MIT Digital Currency Initiative hiring a software engineer to build on the Fed’s CBDC project..

I had blogged on how Boston Fed and MIT’s Digital Currency Initiative are working on the Fed’s CBDC project.

Guess who is MIT’s DCI recruiting for  building the CBDC? Software engineers!

The MIT Digital Currency Initiative is looking for a software engineer (remote-friendly) to help build the future of money. Our existing financial system is slow, expensive, and deeply unfair. We need a new financial system that serves everyone instead of just wealthy institutions, and digital cash could be its base layer. This new role will work with research scientists and developers at the DCI to design and implement open source software for a retail central bank digital currency, collaborating closely with a team at the Federal Reserve Bank of Boston.

Working at MIT, this is a chance to help build the money of the future. We’re looking for a software engineer who can work with students, developers, and researchers to bring cash into the internet era.

You should have:

    • Systems or security programming experience (preferably C/C++, Go, or Rust)

    • Passion for designing the next iteration of digital money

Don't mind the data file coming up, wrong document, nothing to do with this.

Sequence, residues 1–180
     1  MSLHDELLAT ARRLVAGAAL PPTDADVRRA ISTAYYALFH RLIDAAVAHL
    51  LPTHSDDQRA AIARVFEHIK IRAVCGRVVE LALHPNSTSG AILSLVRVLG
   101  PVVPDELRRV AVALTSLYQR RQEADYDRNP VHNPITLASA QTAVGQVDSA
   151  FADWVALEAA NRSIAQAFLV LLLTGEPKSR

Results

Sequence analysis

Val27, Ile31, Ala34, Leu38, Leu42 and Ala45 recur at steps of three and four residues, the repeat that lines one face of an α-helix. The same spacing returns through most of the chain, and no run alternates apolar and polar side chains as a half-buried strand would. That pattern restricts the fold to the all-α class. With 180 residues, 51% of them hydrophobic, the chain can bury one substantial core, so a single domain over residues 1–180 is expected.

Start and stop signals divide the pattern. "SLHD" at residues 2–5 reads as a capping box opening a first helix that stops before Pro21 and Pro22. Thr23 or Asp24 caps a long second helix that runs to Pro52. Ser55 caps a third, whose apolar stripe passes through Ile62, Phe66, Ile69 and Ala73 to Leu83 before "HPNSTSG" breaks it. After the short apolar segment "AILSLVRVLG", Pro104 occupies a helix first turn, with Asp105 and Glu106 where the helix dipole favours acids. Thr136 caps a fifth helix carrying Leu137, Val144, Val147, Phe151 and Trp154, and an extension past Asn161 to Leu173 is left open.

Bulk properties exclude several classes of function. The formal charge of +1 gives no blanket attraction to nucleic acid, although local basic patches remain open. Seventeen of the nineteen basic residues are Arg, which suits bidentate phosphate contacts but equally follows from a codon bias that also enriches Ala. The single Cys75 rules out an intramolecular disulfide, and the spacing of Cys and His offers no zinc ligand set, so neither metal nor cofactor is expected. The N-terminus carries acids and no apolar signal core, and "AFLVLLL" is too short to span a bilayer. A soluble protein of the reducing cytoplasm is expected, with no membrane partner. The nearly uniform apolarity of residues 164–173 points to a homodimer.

• Interest in collaborating with students and researchers

    • A strong desire to contribute to open source software projects

    • Ability and interest in communicating with non-technical stakeholders

    • Desire to work independently and drive process, like creating a plan to distill requirements in order to implement and evaluate systems with different trade-offs

    • Willingness to help create an inclusive environment for people of all backgrounds

Responsibilities:

    • In collaboration with others at the DCI and the team at the Federal Reserve Bank of Boston, work as part of a team to architect and design a secure, high-throughput, resilient digital cash transaction system

    • Lead technical implementation of such a system

    • Operate effectively in an independent environment where requirements are not necessarily well-specified

    • Contribute to creating an inclusive environment where people of all races, genders, ages, and other backgrounds are empowered to do their best work and receive recognition for it.

How technologists are taking up the space of money and banking..

Neha Narula who is a Director at MIT DCI in this article explains the project:

 

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